Automatically, the reader then perceives Hyde as Utterson does. The readers are also inclined to feel the same emotions Utterson feels regarding Hyde: ...the hitherto unknown disgust, loathing and fear in which Mr. Utterson regarded him (Hyde). The interesting factor is that Utterson is never the narrator of the proceedings in the novel.

  1. Dr. Jekyll and Mr. Hyde

    Charles Darwin's evolutionary theory shocked Victorians with the idea that humans are basically animals. Hyde represents the animal side of human nature which scared the Victorian. His name is also used to imply the "sexual" aspect of Hyde which the Victorians felt they needed to "hide".

  2. Double Trouble Mystery.

    As we walked through the house there was a feeling that we should not be her but Dr Barnet said that I was only imagining it. We found another photograph of the two identical boys one of which being Christopher.

  1. Jeckyll & Hyde

    After the "racking pangs" of the initial transformations, Jekyll describes himself as feeling "indescribably new" and "incredibly sweet". He feels "younger, lighter happier in body" and he also talks about the "freedom" of his soul, what is also interesting is how he felt "wicked" yet delighted.

  2. Dr Jekyll And Hyde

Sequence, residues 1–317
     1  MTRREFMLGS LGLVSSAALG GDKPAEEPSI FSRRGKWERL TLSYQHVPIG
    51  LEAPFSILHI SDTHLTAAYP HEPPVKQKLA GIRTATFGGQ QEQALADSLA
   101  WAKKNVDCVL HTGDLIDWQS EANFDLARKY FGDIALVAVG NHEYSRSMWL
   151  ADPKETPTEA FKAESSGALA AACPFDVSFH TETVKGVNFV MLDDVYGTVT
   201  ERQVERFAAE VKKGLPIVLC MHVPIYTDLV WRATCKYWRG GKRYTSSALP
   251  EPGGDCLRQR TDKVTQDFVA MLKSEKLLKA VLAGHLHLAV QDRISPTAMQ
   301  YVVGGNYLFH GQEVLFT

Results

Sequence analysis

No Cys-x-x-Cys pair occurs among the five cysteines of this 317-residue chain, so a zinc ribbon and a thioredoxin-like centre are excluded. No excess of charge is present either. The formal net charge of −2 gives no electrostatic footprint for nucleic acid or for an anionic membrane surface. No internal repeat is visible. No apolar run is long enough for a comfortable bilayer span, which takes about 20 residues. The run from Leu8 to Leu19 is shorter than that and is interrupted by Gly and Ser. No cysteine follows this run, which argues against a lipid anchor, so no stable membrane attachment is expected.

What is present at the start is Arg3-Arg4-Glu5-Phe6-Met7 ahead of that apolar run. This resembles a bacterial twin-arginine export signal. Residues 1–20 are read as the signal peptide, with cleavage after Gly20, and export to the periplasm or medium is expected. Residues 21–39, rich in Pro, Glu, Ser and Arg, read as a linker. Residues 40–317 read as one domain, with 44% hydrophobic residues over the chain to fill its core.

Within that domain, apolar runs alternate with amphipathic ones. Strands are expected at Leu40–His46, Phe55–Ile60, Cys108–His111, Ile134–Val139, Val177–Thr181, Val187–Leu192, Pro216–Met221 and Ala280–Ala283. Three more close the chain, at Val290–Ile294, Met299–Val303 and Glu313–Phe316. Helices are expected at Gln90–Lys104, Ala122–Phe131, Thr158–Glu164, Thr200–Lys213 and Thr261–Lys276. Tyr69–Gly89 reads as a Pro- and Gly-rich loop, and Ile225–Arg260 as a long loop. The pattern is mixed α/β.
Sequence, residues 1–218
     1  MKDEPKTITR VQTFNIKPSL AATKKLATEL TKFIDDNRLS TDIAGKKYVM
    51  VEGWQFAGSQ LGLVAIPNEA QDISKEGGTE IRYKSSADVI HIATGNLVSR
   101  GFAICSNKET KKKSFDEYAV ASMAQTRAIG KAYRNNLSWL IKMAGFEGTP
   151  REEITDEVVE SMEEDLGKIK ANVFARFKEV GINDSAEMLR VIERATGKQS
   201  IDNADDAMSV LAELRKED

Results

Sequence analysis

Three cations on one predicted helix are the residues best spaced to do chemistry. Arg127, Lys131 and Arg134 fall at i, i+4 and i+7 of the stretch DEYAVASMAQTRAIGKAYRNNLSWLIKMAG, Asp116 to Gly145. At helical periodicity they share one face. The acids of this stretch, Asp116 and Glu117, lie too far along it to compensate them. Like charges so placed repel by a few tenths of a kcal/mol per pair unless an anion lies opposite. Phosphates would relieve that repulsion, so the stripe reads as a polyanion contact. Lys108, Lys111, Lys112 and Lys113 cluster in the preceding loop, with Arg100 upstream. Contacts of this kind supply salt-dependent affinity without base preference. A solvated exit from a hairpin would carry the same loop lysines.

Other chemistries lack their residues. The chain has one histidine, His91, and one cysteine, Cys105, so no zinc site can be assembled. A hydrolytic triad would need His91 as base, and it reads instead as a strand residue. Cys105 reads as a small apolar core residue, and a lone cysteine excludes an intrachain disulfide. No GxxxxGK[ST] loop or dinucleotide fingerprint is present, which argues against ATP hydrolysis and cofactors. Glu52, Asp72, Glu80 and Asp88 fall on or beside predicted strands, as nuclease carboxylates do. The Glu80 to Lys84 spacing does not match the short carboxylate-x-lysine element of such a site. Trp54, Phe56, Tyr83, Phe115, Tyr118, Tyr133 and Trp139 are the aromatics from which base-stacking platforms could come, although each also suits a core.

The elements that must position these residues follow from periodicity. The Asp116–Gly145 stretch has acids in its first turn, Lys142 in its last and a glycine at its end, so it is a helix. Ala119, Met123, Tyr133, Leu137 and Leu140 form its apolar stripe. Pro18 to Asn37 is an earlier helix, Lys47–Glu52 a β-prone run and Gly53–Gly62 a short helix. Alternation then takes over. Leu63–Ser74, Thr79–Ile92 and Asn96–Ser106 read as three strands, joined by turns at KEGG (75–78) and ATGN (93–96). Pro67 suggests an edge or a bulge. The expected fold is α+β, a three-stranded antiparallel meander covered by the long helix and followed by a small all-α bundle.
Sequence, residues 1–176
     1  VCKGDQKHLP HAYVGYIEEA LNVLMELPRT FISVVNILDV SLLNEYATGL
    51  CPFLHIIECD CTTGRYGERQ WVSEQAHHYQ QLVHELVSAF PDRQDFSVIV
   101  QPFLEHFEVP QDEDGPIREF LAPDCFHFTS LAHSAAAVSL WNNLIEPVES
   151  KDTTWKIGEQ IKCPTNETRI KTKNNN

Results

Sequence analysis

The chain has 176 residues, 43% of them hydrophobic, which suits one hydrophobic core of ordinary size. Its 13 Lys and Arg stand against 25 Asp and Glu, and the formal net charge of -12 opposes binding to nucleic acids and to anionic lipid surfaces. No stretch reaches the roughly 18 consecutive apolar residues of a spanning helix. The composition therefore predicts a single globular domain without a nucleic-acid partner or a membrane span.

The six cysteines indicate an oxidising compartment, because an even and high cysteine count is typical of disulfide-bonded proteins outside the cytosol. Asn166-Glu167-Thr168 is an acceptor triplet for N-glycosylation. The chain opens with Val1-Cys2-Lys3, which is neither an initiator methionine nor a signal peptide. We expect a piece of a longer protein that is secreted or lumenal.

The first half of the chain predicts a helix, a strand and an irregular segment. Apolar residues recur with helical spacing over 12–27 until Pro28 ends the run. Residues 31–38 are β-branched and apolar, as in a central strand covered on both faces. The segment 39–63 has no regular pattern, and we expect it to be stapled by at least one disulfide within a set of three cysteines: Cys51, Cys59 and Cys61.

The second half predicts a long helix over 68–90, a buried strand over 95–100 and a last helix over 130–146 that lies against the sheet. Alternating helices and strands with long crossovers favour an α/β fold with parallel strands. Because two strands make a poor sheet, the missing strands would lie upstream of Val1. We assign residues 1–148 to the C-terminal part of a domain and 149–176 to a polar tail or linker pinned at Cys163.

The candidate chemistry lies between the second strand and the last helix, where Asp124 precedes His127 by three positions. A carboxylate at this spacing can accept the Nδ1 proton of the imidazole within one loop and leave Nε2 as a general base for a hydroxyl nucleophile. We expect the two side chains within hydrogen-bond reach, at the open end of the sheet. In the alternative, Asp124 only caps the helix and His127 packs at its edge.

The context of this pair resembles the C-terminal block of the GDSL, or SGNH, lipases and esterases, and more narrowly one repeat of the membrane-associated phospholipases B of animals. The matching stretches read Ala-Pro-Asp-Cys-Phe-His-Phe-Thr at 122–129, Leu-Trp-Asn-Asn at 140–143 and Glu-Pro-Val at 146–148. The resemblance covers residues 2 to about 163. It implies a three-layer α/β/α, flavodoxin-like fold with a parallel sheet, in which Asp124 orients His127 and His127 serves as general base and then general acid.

Hyde's physical appearance is not easy to describe. Enfield suggests that he looks hideous. 'It wasn't like a man; it was like some damned juggernaut' the noun 'juggernaut' suggests that he is unstoppable and he will crush anything or anyone in its path. Utterson describes Hyde's physical appearance as pre-human.

  1. What view of human nature does Stevenson present in the novel, The Strange Case ...

    Dr. Jekyll and Mr. Hyde' explores the consequences of following your desires such as challenging rules. For example, Dr. Jekyll was using his skills as a Doctor and his knowledge to create the potion that changed him from being the respectable Dr.

  2. Explore how Stevenson Creates a Sense of Mystery and Engages the Reader(TM)s Interest in ...

    People now are also much more aware of the multiple personality disorder as well as there being many films and books with similar themes. In turn, this means many more readers will learn the twist that Dr. Jekyll is in fact Mr.

  • Over 160,000 pieces
    of student written work
  • Annotated by
    experienced teachers
  • Ideas and feedback to
    improve your own work